I did go on to college, because my mother had promised my dad, before he died, that their kids would go. I felt obligated to go, even though I didn't really see the point. I wasted five long years in college, never paying attention in class, taking almost nothing away from it, yet maintaining grades good enough to stay in school. Eventually I graduated with an accounting degree I had no intention of using-and $40,000 in debt from college loans.

It wasn't a pretty picture. At twenty-three I was at least twenty pounds underweight and had a gray complexion, thanks to drugs. I had become the black sheep of my family. Despite my earlier pronouncements of wanting to be rich, I found myself with no abilities, no self-esteem, and no direction. I managed to get a job at a car dealership, but it was a dead-end job for me.

And then came the kicker. As a result of hanging out with the wrong people and being obsessed with the wrong things, I was beaten up within an inch my life. I spent three days in a hospital after almost bleeding out in my apartment. It took seventy-five stitches in my head and face to fix me up. Not even my mother could recognize me. The scars are still visible on my face today, around both eyes and my mouth.

The people who loved and believed in me the most had no idea how to help me. Hell, I didn't know how to help me. Even almost being beaten to death in my own home didn't change me. Every day I swore to myself, I will not use drugs today, only to find myself moments later doing the very drugs I had promised I would not use again.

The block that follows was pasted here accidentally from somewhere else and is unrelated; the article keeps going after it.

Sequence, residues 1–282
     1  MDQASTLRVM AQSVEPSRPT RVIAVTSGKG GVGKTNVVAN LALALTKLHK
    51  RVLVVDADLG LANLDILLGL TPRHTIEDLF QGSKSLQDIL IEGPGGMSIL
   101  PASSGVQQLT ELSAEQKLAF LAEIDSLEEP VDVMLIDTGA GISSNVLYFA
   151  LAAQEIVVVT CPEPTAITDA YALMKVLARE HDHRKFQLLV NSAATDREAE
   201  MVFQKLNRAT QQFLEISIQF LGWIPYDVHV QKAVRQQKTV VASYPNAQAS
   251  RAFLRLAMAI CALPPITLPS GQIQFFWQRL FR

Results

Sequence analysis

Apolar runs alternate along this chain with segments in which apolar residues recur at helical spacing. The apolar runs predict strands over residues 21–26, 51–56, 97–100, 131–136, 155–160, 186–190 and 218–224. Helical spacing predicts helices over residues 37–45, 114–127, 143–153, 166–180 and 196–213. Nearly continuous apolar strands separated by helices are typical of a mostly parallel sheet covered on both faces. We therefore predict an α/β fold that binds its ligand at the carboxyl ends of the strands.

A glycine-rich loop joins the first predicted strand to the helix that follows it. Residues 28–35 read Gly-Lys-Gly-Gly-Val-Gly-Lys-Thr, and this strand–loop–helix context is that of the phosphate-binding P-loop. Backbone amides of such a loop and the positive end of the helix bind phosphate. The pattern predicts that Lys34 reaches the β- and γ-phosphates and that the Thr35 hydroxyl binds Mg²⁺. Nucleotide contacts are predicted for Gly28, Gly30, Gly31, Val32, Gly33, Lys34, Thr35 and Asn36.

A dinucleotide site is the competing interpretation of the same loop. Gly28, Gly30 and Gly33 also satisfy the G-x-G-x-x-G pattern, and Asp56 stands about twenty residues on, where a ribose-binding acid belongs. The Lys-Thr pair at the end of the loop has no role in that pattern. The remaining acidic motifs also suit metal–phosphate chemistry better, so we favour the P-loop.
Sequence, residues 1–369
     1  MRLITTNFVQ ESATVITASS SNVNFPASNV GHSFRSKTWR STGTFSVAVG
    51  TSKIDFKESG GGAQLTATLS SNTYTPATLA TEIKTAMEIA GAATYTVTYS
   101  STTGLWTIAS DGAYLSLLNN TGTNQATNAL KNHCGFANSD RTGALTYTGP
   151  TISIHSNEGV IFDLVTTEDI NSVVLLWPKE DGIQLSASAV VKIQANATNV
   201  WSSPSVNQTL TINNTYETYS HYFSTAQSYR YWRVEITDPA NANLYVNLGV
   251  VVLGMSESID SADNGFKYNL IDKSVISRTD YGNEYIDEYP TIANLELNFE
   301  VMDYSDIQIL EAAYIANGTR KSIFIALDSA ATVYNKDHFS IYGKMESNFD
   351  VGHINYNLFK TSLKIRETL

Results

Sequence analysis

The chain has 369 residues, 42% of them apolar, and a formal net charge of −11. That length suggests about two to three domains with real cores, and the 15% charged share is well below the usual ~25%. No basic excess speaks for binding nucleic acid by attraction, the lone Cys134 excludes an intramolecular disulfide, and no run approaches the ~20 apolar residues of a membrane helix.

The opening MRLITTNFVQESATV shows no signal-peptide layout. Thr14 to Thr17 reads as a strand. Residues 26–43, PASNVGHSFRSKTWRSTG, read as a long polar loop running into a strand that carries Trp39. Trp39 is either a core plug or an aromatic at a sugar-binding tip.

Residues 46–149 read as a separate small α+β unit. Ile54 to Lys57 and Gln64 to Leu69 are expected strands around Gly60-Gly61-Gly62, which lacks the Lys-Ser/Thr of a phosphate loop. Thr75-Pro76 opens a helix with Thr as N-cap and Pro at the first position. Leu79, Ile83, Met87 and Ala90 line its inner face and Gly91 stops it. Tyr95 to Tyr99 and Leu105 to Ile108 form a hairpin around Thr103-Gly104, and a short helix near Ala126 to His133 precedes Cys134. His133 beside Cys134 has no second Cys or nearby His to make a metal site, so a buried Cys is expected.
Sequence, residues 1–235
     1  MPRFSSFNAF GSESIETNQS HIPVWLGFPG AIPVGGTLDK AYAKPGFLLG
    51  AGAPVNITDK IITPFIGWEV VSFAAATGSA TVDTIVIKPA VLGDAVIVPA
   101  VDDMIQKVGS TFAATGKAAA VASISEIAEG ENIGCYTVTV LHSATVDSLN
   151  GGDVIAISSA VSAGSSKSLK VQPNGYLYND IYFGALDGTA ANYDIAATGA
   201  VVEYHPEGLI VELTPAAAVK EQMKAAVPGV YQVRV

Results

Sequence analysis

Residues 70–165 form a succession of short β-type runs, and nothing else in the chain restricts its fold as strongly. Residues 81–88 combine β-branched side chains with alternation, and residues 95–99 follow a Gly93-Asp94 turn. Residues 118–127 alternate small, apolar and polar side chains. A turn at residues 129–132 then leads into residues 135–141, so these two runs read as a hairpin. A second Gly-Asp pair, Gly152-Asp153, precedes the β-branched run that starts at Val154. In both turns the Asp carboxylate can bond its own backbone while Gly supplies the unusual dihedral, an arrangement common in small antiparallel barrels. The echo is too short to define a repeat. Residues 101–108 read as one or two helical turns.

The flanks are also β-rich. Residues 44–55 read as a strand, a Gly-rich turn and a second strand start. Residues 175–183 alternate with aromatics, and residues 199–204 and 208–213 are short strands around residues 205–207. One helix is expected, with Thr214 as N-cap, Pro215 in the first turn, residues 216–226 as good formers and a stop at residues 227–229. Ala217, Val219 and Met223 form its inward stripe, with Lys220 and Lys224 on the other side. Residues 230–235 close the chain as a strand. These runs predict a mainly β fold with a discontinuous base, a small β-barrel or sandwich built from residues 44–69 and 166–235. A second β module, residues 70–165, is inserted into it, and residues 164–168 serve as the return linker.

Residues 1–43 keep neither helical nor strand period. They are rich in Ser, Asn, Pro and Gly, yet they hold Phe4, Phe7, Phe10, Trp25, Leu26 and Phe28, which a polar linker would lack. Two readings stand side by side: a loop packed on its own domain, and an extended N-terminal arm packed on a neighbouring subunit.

In fact, nothing changed for another two years. I continued to use daily. I hated everything about my life at the time-my job, the auto industry, coworkers, the people I hung out with, the apartment I lived in. I hated myself too. The only thing I still cared about was my dog, a 140-pound Doberman named Capo whom I'd had for six years-and I was starting to neglect even Capo. I had become a cause of concern for everyone who loved me and a disappointment to so many who wanted to believe in me. I was broke and broken-financially, emotionally, spiritually, and even physically.

The weekend of my twenty-fifth birthday I went to visit my mom at her place, not far from the dumpy apartment I rented for $275 a month. I showed up at my mom's place loaded, slurring my words, tongue swollen from barbiturates. My mom, exasperated, finally gave me the big ultimatum: "Don't come around here anymore until you get your life together."

I knew I had to change or I was going to die without even getting a chance to prove-to myself or to her-that I could be something.

When I told the owner of the car dealership that I needed to get help for my drug problem, he suggested I try to handle it myself. It was the first time I admitted to anyone that I couldn't. I told him, "If I could quit by myself, I would have stopped five years ago."

A few days later, with the help of a family friend, I checked myself into a rehabilitation treatment facility. I was terrified and hopeful.